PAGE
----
On the eastern shores of southern Africa, with the Indian Ocean lapping at its pristine beach, lies the thriving port city of Beira, Mozambique. On the edge of the city can be found what has come to be known as Mozambique’s ghost ship graveyard of Beira. It holds a ghostly wonder that attracts people like a magnet.
The Dinosaur of the Sea
The attraction is a giant, hulking dinosaur of a rusting ship that now rests in peace on the white sands. To make the scene even more ghostly, the ship lies at the base of the abandoned Macuti Lighthouse. As you gaze upon the sight, you can’t help wondering if it was the lighthouse that drew the ship to its land-bound end. Did the lighthouse draw the ship to shore like a siren, a mermaid temptress?
The name of the wrecked ship is “Macuti,” and it was once a sea-going tug. The Macuti tugboat was built in 1954 by a Netherlands shipbuilder. Its gross tonnage was 751 tons. It was nearly 30 feet wide and 194 feet long. In its heyday, the ship was honored by being featured on a Mozambique postal stamp.
The fact is that the ship was purposefully run aground on the beach in 1985 to act as a breakwater. It was beached to protect the Macuti Lighthouse from sand erosion.
Given a Second Life
At the end of its life, rather than sending the once celebrated Macuti off to the scrapyard, it was given a second tour of duty by being laid to rest on a vast, public beach. It’s there it has been given an enduring yet slowly decaying, honorable end.
This ghost ship graveyard draws spectators far and wide, but it’s a popular, local stomping ground on weekends. People come to soak up the sun at the lighthouse’s base while gazing out over the corroding shell of the noble Macuti tugboat.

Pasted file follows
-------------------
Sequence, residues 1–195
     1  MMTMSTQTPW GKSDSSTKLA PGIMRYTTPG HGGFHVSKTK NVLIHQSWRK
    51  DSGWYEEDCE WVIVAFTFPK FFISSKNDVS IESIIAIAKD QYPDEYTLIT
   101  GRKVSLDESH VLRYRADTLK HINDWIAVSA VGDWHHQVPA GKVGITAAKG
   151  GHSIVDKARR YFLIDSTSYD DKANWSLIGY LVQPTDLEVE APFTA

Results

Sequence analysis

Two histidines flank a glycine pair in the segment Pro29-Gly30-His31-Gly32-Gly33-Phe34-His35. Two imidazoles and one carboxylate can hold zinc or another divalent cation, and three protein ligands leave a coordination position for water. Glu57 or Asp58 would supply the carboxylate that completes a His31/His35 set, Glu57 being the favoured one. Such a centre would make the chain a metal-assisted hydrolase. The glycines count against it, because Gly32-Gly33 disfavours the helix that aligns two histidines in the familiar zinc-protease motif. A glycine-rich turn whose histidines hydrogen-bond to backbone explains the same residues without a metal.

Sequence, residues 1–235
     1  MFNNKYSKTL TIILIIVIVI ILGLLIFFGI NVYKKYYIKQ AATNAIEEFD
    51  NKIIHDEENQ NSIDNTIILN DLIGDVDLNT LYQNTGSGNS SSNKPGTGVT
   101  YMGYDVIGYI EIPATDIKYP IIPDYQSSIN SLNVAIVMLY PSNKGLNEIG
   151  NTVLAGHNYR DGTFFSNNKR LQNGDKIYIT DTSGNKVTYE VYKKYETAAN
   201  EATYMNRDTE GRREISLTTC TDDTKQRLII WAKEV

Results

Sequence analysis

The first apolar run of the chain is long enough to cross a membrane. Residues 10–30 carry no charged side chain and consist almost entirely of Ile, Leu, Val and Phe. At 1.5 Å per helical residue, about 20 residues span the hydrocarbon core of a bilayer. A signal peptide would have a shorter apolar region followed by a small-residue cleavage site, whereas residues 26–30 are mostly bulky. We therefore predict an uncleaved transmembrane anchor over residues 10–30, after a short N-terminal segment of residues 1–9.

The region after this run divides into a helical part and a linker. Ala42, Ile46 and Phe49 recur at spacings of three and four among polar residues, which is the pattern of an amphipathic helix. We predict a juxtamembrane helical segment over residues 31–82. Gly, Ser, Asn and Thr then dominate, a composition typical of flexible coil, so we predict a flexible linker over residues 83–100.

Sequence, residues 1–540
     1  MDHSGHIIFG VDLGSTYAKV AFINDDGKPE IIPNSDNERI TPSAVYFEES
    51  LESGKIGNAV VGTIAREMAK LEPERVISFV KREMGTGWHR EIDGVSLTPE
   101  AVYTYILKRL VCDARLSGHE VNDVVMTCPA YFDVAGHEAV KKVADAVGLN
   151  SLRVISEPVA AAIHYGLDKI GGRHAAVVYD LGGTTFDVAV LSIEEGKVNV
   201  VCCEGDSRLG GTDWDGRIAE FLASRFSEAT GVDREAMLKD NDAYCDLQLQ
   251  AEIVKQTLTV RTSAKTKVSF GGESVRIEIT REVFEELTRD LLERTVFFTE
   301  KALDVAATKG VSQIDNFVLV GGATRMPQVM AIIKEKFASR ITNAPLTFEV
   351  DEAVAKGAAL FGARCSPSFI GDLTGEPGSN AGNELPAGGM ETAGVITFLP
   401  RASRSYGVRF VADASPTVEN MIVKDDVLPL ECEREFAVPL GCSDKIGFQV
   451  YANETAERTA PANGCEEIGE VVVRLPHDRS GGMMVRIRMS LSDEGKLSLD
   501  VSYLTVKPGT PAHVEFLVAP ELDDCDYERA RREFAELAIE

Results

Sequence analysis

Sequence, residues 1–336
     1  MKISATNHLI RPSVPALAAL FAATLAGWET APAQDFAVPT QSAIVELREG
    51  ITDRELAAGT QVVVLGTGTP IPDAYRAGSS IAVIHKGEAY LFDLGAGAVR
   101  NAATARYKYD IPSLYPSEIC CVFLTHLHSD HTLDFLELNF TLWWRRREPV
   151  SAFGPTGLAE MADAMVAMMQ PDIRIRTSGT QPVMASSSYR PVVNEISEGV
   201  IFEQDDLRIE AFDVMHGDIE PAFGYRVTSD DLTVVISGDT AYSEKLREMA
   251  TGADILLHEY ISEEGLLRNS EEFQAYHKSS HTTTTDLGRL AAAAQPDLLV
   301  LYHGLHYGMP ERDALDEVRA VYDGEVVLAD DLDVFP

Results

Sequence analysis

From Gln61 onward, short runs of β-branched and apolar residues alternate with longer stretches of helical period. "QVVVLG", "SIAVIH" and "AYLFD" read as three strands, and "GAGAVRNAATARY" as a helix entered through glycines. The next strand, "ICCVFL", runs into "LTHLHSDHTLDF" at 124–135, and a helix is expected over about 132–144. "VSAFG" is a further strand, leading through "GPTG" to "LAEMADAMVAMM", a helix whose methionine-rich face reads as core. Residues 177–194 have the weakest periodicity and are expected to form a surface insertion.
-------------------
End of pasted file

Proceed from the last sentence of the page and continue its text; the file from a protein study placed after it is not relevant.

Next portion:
If you arrive at Macuti Beach during high tide, you won’t see much of the ship – just some rusted-out bulkheads sticking above the waterline. However, come at low tide, and you can walk or wade out to the wrecked ship and explore it up close. The currents can be strong along the beach, so ask locals about safety before wandering into the water.
From the air, the wreck looks like a giant beached whale. The stark contrast of this slowly decaying abandoned ship set upon a vast, pristine beach sends the imagination soaring, especially at sunrise and during the violet skies at sunset. The scene is both eerily beautiful and ghostly.
Dreams for the Future
As the government pours money into the port city of Beira to develop it as a tourist destination, the Macuti tugboat will draw more people to Mozambique’s ghost ship graveyard of Beira. Here they can gaze upon this relic while the motion of the waves sends it to its watery grave.